In the past several years, hospitals have continued to feel the impact on revenue from Clinical Validation Denials (CVD). The need for a robust CDI team to capture support for clinical indicators while the patient is still in house is more imperative than ever. The other overwhelming piece for revenue cycle teams to manage is how to fight those clinical validation denials post discharge. The goal is clinical relevance of a diagnosis in line with evidence-based definitions.
CVDs can consume more resources than straight DRG validation or medical necessity denials because both clinical and coding review resources are needed. More importantly, as we will highlight in a moment, the provider should also be involved in the process of appealing the denials. These denials generate a great deal of frustration, not to mention revenue reduction.
What is a Clinical Validation Denial?
Clinical validation denial is a separate process from DRG validation and involves a clinical review of a case to see whether the patient truly possesses the conditions documented. When a clinical validation denial is made, the auditor claims that the diagnosis or condition is not valid for clinical reasons.
Who is Sending the Denial?
The insurance companies hire a third party to perform clinical validation audits on their behalf. The insurance companies are an advocate for their customers, the patient, and are validating if the quality of care through appropriate diagnosing is validated based on the clinical documentation within the record. We have found where in some cases the insurance company is correct, and their recoupment of payment is warranted based on lack of clinical support for the diagnosis reported.
The Key Stakeholders
CDI (Clinical documentation integrity) team should establish themselves as a key stakeholder and work with PFS (Patient financial services) and others to establish a denials management process across departments. It is a team effort, but CDI must establish themselves as subject matter experts for clinical validation denials. The core basis of CDI is clinical reviews using standard evidence-based clinical definitions that payers are also using to perform these denials.
Do We Have to Use the Same Clinical Criteria as the Payers?
While payers are permitted to perform a claims review utilizing specific criteria, a provider is NOT bound to these criteria. Diagnosing a patient’s condition is solely the responsibility of the provider. Only the physician, or other qualified healthcare practitioners legally accountable for establishing the patient’s diagnosis, can ‘diagnose’ the patient.
It is important to point out AHA Coding Clinic for ICD, 1Q 2020, page 4. This Coding Clinic states that it is “outside the scope of Coding Clinic to determine, endorse or approve diagnostic criteria for any condition. While providers may use a particular clinical definition or set of clinical criteria to establish a diagnosis, code assignment is based on the provider’s documentation, not on a particular clinical definition or criterion.” As it is not defined in any provider agreements, physicians and other providers may consider any appropriate criteria to diagnose a patient in their care.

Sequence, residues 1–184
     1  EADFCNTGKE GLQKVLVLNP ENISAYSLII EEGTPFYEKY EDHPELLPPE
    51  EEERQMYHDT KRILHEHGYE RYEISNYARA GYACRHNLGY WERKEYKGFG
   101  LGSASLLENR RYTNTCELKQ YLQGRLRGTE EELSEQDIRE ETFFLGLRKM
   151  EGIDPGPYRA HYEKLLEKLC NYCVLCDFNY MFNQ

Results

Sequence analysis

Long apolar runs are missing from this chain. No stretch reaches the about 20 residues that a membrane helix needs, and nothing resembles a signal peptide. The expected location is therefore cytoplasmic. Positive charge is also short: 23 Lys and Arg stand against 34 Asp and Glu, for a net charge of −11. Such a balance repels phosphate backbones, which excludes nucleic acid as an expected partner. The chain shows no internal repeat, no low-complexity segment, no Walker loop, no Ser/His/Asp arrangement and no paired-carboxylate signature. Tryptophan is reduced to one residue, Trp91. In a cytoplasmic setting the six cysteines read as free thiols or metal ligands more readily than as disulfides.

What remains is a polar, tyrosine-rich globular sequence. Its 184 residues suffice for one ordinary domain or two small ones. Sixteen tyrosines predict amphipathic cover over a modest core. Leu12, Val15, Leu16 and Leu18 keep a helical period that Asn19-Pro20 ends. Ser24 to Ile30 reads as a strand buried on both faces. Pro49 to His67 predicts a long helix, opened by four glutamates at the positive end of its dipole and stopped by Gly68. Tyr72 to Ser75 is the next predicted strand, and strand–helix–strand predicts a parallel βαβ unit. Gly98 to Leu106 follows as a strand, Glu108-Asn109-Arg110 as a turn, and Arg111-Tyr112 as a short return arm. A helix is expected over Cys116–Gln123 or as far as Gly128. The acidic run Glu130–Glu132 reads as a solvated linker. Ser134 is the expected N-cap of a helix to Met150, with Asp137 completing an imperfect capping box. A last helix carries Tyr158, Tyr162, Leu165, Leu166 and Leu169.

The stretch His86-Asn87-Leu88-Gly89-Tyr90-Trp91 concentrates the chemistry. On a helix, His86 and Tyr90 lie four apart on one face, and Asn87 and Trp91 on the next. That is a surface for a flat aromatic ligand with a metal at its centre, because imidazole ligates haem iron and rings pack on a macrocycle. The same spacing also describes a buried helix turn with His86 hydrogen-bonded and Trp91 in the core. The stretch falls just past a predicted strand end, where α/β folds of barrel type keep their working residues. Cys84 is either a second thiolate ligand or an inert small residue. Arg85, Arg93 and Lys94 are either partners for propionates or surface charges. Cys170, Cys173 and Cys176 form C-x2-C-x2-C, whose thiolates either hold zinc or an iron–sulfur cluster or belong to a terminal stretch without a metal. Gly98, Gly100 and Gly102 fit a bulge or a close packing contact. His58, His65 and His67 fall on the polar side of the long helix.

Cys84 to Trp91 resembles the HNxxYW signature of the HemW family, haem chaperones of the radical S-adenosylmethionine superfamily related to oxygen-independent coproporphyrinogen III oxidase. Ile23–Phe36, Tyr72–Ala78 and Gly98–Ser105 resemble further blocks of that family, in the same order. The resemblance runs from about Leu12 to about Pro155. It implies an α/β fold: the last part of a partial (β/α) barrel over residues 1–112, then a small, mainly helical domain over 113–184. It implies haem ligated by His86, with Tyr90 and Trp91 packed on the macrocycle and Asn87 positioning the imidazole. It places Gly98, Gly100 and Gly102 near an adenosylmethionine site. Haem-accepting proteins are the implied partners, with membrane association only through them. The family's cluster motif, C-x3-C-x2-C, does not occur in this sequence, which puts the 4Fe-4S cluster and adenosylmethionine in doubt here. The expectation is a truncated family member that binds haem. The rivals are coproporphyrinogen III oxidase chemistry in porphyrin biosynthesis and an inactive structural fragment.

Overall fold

One of the Most Commonly Denied Diagnoses is the Sepsis Clinical Validation Denial
While payers may have valid issues regarding documentation in their denial (e.g., whether the provider is employing Sepsis 2 or Sepsis 3 for documentation purpose), to appeal these cases successfully it is imperative to involve the provider(s) of care for these cases. Remember, without a fight, the payers will continue to focus on these areas.
Ultimately, the Sepsis-3 definition structure does not clearly identify patients in the early stages of sepsis where rapid resuscitation provides the greatest patient benefit and improves survival. As CMS is the largest payer of healthcare services in the country, the CMS guidelines can be used to establish “generally accepted medical practices.”
Sepsis-3 definitions are inconsistent with ICD-10-CM Official Guidelines for Coding and Reporting (OCG). OCG clearly distinguishes between sepsis with organ dysfunction and sepsis without organ dysfunction. If hospitals begin reporting only cases of sepsis with organ dysfunction and no cases of sepsis without organ dysfunction, it will disrupt all processes related to coding, reimbursement, and oversight on sepsis.
Lastly, it is a payer’s right to audit your charts and ensure you are providing quality care and doing the right thing. However, keep in mind that everything is centered around documentation. Work with your providers to create high-quality documentation that reflects their medical decision-making as the treating provider. By doing this you can avoid the initial clinical validation denial.
Contact Blue about your Organization’s Clinical Documentation Integrity Team
If Blue & Co., LLC can be of assistance with training staff on clinical documentation improvement within your facility, or denials management mitigation please reach out to your local Blue & Co Advisor or contact one of our experts listed below.
Monica Genzman, RHIT, CDIP, Senior Consultant
Nicole Cameron, MBA, RHIA, CDIP, CCS, Senior Consultant
American Health Information Management Association Journal, How CDI Professionals Can Lead the Clinical Validation Denials Process, March 14, 2022